Greenland sharks are very large, heavy fish. They have a thick body with a blunted snout, tiny eyes, small pectoral fins, and two spineless, nearly equally small dorsal fins. Greenland sharks are uniformly blackish, coffee brown, or slaty or purplish grey; sometimes with white flecks or indistinct dark crossbars. They average 2.5 to 5 metres in length with a maximum of 7.5 metres, and weigh up to one tonne. There is no reliable information on their lifespan.
(Please note — these photos are unverified images submitted by members of the CWF Photo Club.)
Habitat: Greenland sharks are native to the Arctic and subarctic regions of the northern Atlantic in waters of 0 to 7 degrees C. In the western Atlantic, they are common off Ellesmere and Baffin islands, Baffin Bay and Davis Strait south to Newfoundland and the northern part of the Gulf of St. Lawrence, and along the edge of the continental shelf of Nova Scotia to the Gulf of Maine. In the eastern Atlantic, they are found from Svalbard and the White Sea southward to France (and possibly as far as Portugal). They have also been reported in the South Atlantic, near South Africa, from Argentina, and from Antarctic waters. Greenland sharks generally live at depths from 180 to 730 metres, but can be found to depths of more than 1200 metres in more southerly waters during summer. They can also be found in shallower waters when the water is cold, especially in winter.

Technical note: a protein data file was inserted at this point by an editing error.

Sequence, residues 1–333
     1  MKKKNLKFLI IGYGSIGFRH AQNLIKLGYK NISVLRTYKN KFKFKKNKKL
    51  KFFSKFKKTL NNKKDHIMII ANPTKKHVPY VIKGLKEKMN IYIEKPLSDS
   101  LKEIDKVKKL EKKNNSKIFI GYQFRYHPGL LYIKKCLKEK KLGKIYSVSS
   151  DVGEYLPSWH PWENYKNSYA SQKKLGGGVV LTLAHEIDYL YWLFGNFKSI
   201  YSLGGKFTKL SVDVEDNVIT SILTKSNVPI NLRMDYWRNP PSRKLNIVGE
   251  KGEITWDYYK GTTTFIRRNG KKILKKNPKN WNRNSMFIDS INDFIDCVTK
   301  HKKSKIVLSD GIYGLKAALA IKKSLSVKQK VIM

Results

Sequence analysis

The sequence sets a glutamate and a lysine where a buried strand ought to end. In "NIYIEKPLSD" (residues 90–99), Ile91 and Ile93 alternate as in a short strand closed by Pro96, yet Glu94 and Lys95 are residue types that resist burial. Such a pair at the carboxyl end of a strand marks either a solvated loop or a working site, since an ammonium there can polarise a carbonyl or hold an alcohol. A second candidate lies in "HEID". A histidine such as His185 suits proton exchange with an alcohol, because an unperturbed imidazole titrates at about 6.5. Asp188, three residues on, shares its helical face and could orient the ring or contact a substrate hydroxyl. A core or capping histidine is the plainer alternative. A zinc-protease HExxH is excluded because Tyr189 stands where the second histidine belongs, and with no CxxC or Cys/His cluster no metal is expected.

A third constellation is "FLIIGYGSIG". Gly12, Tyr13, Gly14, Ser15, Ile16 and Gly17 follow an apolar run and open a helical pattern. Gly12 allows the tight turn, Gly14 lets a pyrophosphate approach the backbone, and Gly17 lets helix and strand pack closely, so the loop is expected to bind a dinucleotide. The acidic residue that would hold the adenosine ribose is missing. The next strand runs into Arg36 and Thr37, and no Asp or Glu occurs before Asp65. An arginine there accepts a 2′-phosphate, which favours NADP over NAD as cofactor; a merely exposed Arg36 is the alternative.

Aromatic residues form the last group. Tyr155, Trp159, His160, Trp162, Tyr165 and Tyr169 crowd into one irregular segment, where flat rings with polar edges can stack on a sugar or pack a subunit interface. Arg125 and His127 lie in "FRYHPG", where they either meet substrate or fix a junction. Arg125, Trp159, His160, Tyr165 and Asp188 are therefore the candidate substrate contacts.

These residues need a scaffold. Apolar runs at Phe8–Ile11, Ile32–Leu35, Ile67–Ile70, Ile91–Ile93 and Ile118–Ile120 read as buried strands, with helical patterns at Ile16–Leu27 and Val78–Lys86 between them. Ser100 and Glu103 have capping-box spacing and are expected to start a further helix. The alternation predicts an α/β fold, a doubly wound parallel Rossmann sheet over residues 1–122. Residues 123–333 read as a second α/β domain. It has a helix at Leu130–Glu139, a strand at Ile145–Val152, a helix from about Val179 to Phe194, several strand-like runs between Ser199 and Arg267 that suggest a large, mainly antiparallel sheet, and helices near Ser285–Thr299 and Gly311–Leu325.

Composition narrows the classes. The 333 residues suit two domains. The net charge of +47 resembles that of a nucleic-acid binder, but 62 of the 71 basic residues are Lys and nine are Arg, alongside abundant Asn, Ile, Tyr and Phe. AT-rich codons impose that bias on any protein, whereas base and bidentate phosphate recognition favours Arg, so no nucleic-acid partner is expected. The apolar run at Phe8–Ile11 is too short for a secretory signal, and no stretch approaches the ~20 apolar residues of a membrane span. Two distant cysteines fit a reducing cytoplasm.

More on this Species:
Department of Fisheries and Oceans